CAIRO (AP) — An Egyptian court Monday sentenced a train engineer to 15 years in prison for his conviction on charges of manslaughter and damaging public property stemming from a deadly locomotive crash last year at the Egyptian capital’s main train station.
An argument between engineers Emad Fathy and Ayman el-Shahat led to the unleashing of a speeding, unmanned locomotive that slammed into a barrier and exploded in Cairo's busy Ramses station last February, killing 31 people and injuring 17.
Besides sentencing Fathy to 15 years, the Cairo criminal court fined him about $570,000 for the damage caused by the crash. The court sentenced el-Shahat to 10 years. The sentences can be appealed.
The crash sparked public outrage at the time and prompted then-Transportation Minister Hisham Arafat to resign. President Abdel Fattah el-Sissi appointed a military officer to lead the ministry.
According to investigations, the locomotive was left unattended after Fathy got into an argument with el-Shahat and left the controls without applying the brakes. The engine began moving down the track, picking up a speed of 120 kph (75 mph) before slamming into a barrier and exploding.
Egypt's railway system has a history of badly maintained equipment and poor management. The latest official figures show that over 2,000 train accidents took place across the country in 2018.
The country's deadliest train crash took place in 2002 when over 300 people were killed when fire erupted in speeding train traveling from Cairo to southern Egypt.
Also on Monday, a military court in Cairo sentenced 41 people to life in prison on terror-related charges, rights lawyer Khaled el-Masry said. The military sentenced 98 others to prison terms ranging from three to 15 years. It acquitted 50.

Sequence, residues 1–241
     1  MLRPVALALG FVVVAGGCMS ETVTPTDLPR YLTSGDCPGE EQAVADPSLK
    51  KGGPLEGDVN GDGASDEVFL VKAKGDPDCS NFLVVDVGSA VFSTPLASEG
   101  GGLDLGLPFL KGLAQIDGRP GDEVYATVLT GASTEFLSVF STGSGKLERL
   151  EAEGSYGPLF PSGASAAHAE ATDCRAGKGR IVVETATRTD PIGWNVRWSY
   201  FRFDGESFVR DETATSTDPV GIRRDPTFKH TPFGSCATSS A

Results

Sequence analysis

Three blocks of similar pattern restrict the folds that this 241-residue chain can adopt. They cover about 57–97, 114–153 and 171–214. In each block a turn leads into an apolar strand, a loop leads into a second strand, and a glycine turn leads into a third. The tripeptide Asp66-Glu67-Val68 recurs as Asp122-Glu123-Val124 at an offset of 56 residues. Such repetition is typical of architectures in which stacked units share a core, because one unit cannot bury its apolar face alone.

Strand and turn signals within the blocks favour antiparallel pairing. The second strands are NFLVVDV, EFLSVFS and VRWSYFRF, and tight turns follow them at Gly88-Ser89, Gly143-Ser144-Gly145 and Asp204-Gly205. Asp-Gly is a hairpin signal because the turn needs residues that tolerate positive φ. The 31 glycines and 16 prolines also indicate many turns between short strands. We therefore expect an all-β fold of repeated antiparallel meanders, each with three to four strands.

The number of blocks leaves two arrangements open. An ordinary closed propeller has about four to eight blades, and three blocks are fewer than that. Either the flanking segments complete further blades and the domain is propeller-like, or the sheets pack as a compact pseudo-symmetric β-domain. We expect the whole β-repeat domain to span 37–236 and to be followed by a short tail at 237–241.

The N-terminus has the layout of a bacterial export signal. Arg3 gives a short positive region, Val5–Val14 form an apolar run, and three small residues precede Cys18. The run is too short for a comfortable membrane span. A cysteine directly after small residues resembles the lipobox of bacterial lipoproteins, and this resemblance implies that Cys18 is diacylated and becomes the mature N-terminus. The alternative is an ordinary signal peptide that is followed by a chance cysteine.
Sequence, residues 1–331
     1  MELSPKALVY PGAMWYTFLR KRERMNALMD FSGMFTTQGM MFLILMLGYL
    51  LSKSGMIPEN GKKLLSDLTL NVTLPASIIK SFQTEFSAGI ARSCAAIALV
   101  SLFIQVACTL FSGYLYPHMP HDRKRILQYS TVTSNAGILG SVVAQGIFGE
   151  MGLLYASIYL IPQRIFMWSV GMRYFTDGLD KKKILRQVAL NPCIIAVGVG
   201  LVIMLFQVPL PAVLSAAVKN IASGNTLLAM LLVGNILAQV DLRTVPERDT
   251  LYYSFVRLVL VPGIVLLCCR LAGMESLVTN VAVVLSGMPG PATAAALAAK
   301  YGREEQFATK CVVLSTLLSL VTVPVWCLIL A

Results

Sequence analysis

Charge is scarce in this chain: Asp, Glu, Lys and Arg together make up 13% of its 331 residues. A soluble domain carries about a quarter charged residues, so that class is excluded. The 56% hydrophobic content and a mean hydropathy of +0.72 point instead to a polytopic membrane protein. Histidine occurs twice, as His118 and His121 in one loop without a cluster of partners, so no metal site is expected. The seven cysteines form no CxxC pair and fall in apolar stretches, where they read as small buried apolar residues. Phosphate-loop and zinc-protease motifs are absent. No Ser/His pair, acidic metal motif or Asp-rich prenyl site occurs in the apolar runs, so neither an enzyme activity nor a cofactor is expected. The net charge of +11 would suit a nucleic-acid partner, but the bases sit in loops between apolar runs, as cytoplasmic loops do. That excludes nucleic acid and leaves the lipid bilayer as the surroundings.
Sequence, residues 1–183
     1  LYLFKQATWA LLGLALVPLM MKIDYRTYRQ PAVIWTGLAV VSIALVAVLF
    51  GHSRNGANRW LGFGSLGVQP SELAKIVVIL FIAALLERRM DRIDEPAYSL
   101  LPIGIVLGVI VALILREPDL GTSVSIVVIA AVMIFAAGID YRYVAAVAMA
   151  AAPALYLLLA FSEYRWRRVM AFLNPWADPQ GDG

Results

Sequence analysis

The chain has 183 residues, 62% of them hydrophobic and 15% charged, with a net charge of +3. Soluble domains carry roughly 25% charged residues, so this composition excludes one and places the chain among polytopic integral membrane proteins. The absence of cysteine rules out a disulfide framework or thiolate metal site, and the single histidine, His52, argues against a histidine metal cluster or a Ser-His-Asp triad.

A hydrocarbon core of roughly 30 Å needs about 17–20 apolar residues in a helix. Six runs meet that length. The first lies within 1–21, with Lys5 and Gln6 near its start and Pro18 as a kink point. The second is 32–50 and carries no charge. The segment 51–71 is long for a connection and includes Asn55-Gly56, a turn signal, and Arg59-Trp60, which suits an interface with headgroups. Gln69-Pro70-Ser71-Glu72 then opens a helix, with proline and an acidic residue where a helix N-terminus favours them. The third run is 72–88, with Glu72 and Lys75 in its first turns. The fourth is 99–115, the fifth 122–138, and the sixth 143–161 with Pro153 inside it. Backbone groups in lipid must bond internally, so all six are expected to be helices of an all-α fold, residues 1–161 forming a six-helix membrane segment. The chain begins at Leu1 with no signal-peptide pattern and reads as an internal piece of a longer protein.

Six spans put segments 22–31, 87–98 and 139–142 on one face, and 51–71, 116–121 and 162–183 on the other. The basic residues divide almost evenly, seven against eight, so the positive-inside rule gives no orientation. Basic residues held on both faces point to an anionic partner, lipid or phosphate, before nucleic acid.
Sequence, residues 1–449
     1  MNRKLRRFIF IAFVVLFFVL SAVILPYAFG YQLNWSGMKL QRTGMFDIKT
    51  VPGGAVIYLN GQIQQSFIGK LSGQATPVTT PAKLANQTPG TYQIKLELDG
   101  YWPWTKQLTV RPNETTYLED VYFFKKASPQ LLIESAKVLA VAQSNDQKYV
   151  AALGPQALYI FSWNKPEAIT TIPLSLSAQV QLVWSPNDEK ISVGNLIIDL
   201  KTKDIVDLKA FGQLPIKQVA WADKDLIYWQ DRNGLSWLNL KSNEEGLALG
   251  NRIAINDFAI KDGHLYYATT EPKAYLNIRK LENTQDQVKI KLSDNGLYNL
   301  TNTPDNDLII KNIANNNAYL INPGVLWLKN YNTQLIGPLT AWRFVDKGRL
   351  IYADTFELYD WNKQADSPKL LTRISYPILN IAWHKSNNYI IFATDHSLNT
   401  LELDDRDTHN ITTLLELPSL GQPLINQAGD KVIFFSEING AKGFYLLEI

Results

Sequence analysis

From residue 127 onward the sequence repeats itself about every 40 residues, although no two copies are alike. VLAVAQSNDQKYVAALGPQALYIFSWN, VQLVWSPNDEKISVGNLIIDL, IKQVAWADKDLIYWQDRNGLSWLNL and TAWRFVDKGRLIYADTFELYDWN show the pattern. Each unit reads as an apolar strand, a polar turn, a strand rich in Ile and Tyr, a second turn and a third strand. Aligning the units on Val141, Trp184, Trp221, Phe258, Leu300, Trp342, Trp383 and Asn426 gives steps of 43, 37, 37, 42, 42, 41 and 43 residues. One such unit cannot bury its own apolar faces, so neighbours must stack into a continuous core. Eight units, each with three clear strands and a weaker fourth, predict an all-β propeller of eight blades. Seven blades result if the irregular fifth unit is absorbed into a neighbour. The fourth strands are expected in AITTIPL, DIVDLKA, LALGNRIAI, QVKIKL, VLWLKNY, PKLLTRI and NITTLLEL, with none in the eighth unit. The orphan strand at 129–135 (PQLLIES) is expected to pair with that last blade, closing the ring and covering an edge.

The court convicted the defendants of joining a militant group known as Hasm, which has links to the Muslim Brotherhood, which is banned in Egypt, where it is considered a terrorist organization. Hasm has targeted mainly Egyptian security forces in bombings and drive-by shootings.
The 41 were also accused of carrying out several militant attacks, including one that killed a senior Egyptian army officer and the attempted assassination of the country’s former mufti, Sheikh Ali Gomaa, and a deputy public prosecutor in 2016.
The verdicts can be appealed, el-Masry said.
Human rights observers have repeatedly criticized such mass sentencings in Egypt and called on authorities to ensure fair trials.
Egypt has for years been battling a long-running insurgency centered in North Sinai that is now led by an Islamic State group affiliate. The insurgency gained strength following the 2013 military overthrow of a freely elected Muslim Brotherhood president amid massive protests against his divisive rule.
Since then, the government has granted police forces and courts sweeping powers in response to Islamic militant attacks. Egyptian authorities have held mass trials and sentenced hundreds of people to death.